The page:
My Wordcamp started off a little differently than most. I was accepted to speak, so I was invited to the pre-party at Four Hands Brewing Co downtown. My wife decided not to go, since she’d really have nothing in common with any of the geeks there, so I was on my own. I walked in, ordered a beer, forced myself upon 2 or 3 people, finished my beer and left. I didn’t know a single soul.
On the morning of the event, I had a battle with myself about going. I reasoned that I’d get there late – I’d had a long night, didn’t know anyone anyway, etc. I argued back and forth for a while and finally decided to just go. So I got there early, before the opening remarks, got some coffee and read over the schedule to pick out my chosen sessions. Below are the reviews of the ones I attended.
Session – Customizing Your WordPress theme with CSS
Loved it. I’m not a fan of CSS, but Michael Arestad (@michaelarestad) made it simpler. He also dropped some good tips and some tools that make editing CSS a lot easier. I had no idea I could copy/paste straight from the browser/Inspect Element area!
Session – Business Blogging Like a Rockstar
Another good one. Tom Harness (@tomharness) and Liegh Caldwell (@leighmcaldwell) switched back and forth to explain various brands and how they’re using blogging to reach more people. It would have been even better had they used local St. Louis businesses instead of national ones. They also tried to create a singalong, which may have gone over a bit better had they not been in an early morning slot. (It also caused them to run short on time). The content they covered, however, was terrific and well done.
Session – Using WordPress for Videocasting
I’ve known Chris Miller (@idonotes) for many years now, so there’s no surprise that this session was full of great tips. He always explains just what he does, how he does it, and even showed his some of his geeky electronic gadgets. I didn’t realize he’s also cover podcasting, which was a great bonus. If you’re thinking of getting into videocasting or podcasting (or both), this will be one to watch for on WordCamp.tv
Carrie Dils (@cdils) started off the keynote with this video – and used it as the premise of her keynote. It was well put together, and to the point, yet short – only about 25 minutes. I really expected a keynote to go longer, as they usually do.
She brought up some terrific points – that sharing is a great way to increase your own business’s reach and visibility – something I very truly believe. Since the room was full of introverts, she could have taken some of her extra time to show various ways a business could share – meetups, classes, volunteering, sponsoring local events, etc.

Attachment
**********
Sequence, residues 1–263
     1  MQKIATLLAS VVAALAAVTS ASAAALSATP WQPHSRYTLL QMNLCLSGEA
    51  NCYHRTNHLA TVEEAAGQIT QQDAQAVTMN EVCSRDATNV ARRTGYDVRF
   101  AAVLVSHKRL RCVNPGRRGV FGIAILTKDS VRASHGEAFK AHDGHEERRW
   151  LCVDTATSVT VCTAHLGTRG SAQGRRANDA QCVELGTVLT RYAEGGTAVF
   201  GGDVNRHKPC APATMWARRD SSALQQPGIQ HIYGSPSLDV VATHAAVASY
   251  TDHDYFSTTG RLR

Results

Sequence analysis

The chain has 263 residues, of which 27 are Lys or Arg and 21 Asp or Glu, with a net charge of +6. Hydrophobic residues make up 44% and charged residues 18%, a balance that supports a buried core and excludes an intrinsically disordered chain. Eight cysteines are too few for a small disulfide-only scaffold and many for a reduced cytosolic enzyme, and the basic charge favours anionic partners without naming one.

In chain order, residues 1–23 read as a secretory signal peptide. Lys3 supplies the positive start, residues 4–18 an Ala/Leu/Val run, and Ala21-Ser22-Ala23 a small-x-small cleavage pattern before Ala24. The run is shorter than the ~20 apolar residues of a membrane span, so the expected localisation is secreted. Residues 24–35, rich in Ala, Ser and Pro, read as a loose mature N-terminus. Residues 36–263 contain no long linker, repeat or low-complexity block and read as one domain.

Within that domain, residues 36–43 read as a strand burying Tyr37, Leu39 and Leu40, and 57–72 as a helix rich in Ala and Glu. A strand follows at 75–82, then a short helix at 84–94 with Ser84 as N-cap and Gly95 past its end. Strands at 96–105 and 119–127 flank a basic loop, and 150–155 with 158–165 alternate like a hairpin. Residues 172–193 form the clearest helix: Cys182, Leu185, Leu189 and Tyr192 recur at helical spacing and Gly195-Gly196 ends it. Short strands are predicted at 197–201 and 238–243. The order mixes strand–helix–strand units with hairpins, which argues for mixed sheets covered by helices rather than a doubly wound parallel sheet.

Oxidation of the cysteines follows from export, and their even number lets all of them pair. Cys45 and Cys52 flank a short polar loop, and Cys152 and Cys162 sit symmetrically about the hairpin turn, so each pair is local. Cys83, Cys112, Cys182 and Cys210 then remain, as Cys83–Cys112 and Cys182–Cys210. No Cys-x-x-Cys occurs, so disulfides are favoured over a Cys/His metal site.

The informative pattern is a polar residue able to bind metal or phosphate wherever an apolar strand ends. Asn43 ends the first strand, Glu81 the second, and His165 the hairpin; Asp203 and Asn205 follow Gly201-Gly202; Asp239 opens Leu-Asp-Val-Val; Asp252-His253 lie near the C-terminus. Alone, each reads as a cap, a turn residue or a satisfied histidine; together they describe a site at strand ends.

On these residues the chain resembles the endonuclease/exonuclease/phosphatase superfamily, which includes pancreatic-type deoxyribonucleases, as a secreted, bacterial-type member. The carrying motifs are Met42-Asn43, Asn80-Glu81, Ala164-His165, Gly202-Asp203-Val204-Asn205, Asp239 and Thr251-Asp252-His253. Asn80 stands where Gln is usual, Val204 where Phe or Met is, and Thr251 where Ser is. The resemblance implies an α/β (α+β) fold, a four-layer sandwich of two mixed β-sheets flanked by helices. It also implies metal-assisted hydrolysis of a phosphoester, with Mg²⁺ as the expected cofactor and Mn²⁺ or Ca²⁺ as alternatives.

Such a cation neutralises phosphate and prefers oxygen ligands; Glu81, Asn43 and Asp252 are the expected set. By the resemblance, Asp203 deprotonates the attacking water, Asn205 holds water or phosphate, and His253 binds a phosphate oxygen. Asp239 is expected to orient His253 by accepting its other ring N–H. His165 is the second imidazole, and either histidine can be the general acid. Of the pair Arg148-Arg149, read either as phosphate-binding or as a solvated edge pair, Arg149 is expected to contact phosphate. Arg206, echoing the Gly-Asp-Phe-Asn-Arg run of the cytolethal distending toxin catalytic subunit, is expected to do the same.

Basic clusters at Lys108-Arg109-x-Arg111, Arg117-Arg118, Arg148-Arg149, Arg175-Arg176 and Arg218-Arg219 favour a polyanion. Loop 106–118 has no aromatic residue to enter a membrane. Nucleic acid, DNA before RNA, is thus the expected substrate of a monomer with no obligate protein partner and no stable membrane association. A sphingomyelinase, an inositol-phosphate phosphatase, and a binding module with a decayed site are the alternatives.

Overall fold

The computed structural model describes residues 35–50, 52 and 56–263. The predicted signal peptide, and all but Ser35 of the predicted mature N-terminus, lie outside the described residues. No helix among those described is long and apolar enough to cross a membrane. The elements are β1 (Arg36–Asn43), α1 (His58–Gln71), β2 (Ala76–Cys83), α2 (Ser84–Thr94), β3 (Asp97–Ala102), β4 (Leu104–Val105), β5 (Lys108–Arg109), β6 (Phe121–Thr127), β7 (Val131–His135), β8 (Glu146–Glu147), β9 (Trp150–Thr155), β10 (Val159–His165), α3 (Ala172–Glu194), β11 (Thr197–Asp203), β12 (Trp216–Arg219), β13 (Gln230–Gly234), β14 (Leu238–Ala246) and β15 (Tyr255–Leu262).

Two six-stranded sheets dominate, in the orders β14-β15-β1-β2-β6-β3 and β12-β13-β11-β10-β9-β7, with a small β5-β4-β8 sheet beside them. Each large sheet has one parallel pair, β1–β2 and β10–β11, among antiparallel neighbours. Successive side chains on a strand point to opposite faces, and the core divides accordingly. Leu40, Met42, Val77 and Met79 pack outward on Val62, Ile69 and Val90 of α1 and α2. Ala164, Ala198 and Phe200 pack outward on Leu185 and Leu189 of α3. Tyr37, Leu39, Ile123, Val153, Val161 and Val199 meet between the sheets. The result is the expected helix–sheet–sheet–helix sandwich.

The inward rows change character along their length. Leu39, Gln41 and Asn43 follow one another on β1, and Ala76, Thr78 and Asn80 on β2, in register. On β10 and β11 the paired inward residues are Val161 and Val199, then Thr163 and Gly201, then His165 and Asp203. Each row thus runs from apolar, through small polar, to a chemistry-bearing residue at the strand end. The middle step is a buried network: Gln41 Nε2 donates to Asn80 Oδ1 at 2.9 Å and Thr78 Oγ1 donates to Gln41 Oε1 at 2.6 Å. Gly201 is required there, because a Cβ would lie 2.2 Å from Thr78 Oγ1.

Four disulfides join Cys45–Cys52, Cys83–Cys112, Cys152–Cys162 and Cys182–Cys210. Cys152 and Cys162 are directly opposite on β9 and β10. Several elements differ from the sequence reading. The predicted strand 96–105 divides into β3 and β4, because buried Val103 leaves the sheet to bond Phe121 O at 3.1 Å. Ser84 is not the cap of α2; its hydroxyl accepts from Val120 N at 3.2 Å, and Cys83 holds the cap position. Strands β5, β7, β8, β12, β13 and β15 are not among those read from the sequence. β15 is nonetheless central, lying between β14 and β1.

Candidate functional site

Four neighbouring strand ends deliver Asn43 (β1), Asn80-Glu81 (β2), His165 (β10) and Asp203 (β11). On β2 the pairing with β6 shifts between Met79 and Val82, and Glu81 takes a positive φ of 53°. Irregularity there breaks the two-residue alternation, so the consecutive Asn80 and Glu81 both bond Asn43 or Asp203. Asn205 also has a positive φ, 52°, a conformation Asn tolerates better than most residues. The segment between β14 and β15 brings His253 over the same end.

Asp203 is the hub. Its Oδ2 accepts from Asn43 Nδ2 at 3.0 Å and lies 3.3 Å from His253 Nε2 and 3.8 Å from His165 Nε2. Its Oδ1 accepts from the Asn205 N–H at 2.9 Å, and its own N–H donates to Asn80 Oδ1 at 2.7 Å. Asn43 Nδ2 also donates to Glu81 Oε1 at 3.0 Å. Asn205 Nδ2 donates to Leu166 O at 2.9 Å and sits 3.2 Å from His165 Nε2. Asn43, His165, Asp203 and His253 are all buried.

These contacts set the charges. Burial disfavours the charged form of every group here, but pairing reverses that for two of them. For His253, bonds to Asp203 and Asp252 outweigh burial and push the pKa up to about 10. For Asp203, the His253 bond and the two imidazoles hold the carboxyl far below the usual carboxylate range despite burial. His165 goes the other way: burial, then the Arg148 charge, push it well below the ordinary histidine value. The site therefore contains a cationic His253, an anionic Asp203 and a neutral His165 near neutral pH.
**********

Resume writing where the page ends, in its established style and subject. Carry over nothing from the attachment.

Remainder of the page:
Session – WordPress SEO: Getting Back to the Basics
This one will probably cause some debate, and maybe even cause me to never speak again at a wordcamp, but oh well. Gotta keep it real.
Worst session of the day.
As an SEO, I was probably overly critical in the first place, some of the content was very blase and overly basic. Nile Flores (@blondishnet), clearly not an SEO, simply read the slides to us – something we could have done on our own (but don’t want to – that’s the whole point of going to see a speaker). She recommended writing content around keywords, and employing keyword density tricks to ‘make sure you got found.’ Ugh. She did go into social search – that was good but overall the entire thing fell flat.
This was pretty good, some of the questions were great and the answers were decent, too. There was a conversation around using a capital P in WordPress (and if you didn’t you were not a real WordPress professional). That was a bit goofy – but there were some highlights, too. James Hipkin recommended the book Book Yourself Solid, which I bought yesterday. Brian Messenlehner (@bmess) had plenty of great tips and brought a laid back yet confident vibe to the group.
Session – Optimizing Content Visibility
I thought this session would be content-specific, but it was so much more. In fact, Teresa Lane (@teresaalane) basically did the SEO session that preceeded her, but right. She went into detail about posting content, using heading tags, optimizing for Authorship, SEO best practices and more. Most all of it was refresher to me, but I’m sure this was a great and memorable session for the many business owners in attendance.
Session – Leveraging WordPress for Your eCommerce Website
By far the best session of the day, but only because I taught it (joking). I was honestly surprised that the room was full that late in the day, and the attendees had a lot of terrific questions. I definitely enjoyed speaking to them.
Overall I think the event was awesome. There were a lot of nice comments on the #wcstl hashtag as the day went on, and people seemed to be enjoying it. Lunch was great, I finally met @njenney face to face, and managed not to spill anything on myself. A good day, indeed.